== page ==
Staff at the Ellis Bird Farm are excited about a full slate of events planned for the coming season.
First off, on April 1, John Bontje from the Purple Mountain Conservancy will be onsite at 10 a.m. to talk about ‘all things’ purple martin.
To register for this workshop, visit www.ellisbirdfarm.ca/events.
Folks can register right up until the last minute.
“They can just give us a call so that we can ensure there are enough spots,” said Amy Jin, Ellis Bird Farm’s education and administration coordinator. Also, if people want to spontaneously pop in, that is okay, too.
“John has been our go-to guy for all our purple martin questions and needs – he also, along with another volunteer, has been taking care of our purple martin houses extensively – especially over the past couple of years.
“For this workshop, what will be happening is that he will talk about purple martins in addition to how to care for them, track them, and all those kinds of things. Purple martins are a bit unique in that they are community birds.
“They live not just in nest boxes, but in these ‘condos’ as well – and several families will live in these condos. So there is a bit of work that does go into taking care of them to help and ensure the increase of their survival rates, too, ” she added.
“We get so many calls about how to attract them.”
Next up, the nomination deadline for the annual, long-running ‘Blue Feather Award’ is May 1.
The Award itself it actually handed down in July.
Each year, Ellis Bird Farm presents the Blue Feather Award to an Alberta bluebird trail operator who has made a significant contribution to bluebird conservation in the province, said Jin.
“This is for anybody who takes care of their own bluebirds,” she said.
Nomination forms can be found at www.ellisbirdfarm.cca/blue-feather-award.
“If you know someone who is dedicated to operating a bluebird trail, email us the nomination form to email@example.com by May 1.
“You don’t necessarily have to have a huge birding trail – it’s your passion for it that accounts for the award as well,” she said, noting their popularity stems in part from their striking sky-blue coloured feathers. “They are also one of the first birds to arrive in the spring!”
And of course, bluebirds were a passion for Ellis Bird Farm’s original founders, Charles and Winnie Ellis as reflected in former site manager Myrna Pearman’s book, Charlie, Winnie and the Bluebirds, which was released in the spring of 2019.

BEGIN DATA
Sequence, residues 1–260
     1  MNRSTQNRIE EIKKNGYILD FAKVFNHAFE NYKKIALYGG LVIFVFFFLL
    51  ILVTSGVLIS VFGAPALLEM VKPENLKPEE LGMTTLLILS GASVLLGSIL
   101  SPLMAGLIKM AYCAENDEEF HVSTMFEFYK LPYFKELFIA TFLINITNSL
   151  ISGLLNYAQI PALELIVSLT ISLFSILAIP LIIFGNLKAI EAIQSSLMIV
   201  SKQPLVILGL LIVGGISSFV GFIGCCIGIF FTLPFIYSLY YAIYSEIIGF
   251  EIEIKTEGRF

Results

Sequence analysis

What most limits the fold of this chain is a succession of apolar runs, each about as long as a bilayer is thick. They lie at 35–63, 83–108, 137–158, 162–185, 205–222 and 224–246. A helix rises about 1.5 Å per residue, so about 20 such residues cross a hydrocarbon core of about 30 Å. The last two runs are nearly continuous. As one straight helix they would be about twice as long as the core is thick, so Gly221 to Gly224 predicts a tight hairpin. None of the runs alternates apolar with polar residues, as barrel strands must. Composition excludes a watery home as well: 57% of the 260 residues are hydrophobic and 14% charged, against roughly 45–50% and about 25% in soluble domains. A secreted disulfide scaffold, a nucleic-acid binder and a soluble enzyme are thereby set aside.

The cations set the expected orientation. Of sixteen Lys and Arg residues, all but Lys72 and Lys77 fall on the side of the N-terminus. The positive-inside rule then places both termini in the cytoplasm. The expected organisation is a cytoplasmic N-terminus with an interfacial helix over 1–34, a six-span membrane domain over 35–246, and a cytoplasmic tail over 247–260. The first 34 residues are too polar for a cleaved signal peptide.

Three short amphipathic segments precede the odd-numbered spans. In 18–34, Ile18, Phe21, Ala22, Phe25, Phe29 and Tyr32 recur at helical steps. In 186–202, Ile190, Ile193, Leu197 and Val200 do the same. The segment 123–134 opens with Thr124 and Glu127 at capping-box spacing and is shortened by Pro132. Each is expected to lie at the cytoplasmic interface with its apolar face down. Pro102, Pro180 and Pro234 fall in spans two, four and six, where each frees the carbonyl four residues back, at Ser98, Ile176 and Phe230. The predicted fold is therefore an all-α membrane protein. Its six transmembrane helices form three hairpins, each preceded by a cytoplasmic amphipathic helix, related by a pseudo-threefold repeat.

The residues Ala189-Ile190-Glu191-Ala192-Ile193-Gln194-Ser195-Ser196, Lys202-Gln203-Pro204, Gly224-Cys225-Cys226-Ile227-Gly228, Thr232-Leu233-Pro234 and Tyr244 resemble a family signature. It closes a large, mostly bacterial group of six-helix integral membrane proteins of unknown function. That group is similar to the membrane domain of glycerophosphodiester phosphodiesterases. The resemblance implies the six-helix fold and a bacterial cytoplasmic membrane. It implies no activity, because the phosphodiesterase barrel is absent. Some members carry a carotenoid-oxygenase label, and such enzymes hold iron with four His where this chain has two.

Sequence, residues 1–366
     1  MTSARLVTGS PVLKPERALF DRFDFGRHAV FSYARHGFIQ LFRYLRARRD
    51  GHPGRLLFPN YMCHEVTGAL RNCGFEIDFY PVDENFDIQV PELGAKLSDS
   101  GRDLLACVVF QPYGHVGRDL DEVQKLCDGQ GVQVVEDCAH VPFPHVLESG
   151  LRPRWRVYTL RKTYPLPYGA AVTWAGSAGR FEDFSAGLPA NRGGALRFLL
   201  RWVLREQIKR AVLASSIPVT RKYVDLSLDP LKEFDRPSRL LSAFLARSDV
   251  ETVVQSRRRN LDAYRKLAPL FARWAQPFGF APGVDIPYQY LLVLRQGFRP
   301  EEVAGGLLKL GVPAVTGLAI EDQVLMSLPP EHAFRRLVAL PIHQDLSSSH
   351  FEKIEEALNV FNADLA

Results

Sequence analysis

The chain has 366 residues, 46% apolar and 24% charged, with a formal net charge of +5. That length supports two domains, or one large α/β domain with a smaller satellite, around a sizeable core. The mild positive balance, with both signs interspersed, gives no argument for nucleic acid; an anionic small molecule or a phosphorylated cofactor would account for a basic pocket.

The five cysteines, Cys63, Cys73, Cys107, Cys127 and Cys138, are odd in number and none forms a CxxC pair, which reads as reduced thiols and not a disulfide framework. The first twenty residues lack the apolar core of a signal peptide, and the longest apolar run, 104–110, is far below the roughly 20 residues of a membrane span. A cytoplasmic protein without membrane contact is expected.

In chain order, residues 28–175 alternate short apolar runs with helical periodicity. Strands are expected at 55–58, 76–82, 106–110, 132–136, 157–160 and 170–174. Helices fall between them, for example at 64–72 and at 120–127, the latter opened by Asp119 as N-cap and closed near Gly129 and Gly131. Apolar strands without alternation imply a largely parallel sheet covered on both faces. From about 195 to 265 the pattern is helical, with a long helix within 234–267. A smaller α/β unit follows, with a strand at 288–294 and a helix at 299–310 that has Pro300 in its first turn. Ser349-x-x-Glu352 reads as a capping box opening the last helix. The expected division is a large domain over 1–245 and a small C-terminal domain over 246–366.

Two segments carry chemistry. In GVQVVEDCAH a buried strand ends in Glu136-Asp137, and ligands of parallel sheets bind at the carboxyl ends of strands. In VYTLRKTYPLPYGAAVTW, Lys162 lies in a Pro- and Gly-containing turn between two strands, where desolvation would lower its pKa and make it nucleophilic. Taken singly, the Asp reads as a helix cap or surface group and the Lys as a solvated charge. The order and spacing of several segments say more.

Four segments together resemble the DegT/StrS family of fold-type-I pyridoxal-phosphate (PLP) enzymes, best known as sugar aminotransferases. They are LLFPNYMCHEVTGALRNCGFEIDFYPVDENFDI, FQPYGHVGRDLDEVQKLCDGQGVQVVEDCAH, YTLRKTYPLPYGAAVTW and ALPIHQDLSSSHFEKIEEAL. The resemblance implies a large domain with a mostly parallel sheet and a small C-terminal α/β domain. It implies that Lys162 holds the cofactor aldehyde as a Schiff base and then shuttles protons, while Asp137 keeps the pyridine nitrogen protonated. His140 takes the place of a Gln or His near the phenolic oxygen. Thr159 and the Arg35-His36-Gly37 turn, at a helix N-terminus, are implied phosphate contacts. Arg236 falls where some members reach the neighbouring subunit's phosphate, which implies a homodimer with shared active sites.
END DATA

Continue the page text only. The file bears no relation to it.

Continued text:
Looking into June, Gavin McKinnon from Meadowlark Birding Tours will be running an early morning bird walk at the Farm at 7 a.m. sharp.
“He is an amazing birder – and that is really an understatement,” said Jin.
“Last year, he came out for a birding walk and the number of species that he was able to identify was fascinating. I think we spotted just over 50 species,” she said. “It’s his passion. It will also be an amazing photography opportunity as well.
“It’s amazing to see the number of species that are in such a small area and how they co-exist. It’s also really fascinating how he can differentiate between the species.
“Whether you are an avid birder, a beginner, or a photographer, there will be something for you to enjoy.”
Jin noted that last year, about 50 people took part.
Those interested in this event can also register at www.ellisbirdfarm.ca/events, she said.
In the meantime, Jin is reminding folks to watch for owl-hatching activity soon on the Ellis Bird Farm’s Youtube webcam.
In reflecting on the Farm in general, she said that there have been lots of great changes and development under the guidance of new site manager Carolyn Ross.
“It has been phenomenal – the changes that she is bringing and the upgrades to areas of the farm. It’s been so good!”
Again, further information about any of these events or about the Ellis Bird Farm in general, can be found at www.ellisbirdfarm.ca.
Jin also pointed out that the best way to stay up-to-date with the goings-on at the Ellis Bird Farm is to follow them on social media, too.
You can also email firstname.lastname@example.org.